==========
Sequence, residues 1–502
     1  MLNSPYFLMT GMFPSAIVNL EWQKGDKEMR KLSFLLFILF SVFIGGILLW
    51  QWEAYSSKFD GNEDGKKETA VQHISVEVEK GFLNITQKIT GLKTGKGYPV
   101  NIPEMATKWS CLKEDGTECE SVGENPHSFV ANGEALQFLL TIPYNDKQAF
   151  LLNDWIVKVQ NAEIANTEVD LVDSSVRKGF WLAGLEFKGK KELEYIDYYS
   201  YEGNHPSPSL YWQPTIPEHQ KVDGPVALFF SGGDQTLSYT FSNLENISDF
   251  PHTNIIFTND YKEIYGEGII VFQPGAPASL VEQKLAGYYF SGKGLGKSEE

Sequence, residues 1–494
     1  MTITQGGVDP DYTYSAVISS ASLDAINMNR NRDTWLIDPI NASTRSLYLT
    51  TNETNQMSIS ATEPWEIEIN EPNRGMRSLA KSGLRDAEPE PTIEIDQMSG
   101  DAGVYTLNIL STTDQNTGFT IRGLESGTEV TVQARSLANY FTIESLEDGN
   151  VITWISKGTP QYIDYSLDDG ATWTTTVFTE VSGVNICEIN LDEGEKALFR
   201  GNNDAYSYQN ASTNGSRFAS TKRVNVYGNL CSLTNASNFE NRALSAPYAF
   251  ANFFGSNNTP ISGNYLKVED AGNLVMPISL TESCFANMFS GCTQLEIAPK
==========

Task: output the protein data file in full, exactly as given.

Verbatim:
Sequence, residues 1–502
     1  MLNSPYFLMT GMFPSAIVNL EWQKGDKEMR KLSFLLFILF SVFIGGILLW
    51  QWEAYSSKFD GNEDGKKETA VQHISVEVEK GFLNITQKIT GLKTGKGYPV
   101  NIPEMATKWS CLKEDGTECE SVGENPHSFV ANGEALQFLL TIPYNDKQAF
   151  LLNDWIVKVQ NAEIANTEVD LVDSSVRKGF WLAGLEFKGK KELEYIDYYS
   201  YEGNHPSPSL YWQPTIPEHQ KVDGPVALFF SGGDQTLSYT FSNLENISDF
   251  PHTNIIFTND YKEIYGEGII VFQPGAPASL VEQKLAGYYF SGKGLGKSEE

Sequence, residues 1–494
     1  MTITQGGVDP DYTYSAVISS ASLDAINMNR NRDTWLIDPI NASTRSLYLT
    51  TNETNQMSIS ATEPWEIEIN EPNRGMRSLA KSGLRDAEPE PTIEIDQMSG
   101  DAGVYTLNIL STTDQNTGFT IRGLESGTEV TVQARSLANY FTIESLEDGN
   151  VITWISKGTP QYIDYSLDDG ATWTTTVFTE VSGVNICEIN LDEGEKALFR
   201  GNNDAYSYQN ASTNGSRFAS TKRVNVYGNL CSLTNASNFE NRALSAPYAF
   251  ANFFGSNNTP ISGNYLKVED AGNLVMPISL TESCFANMFS GCTQLEIAPK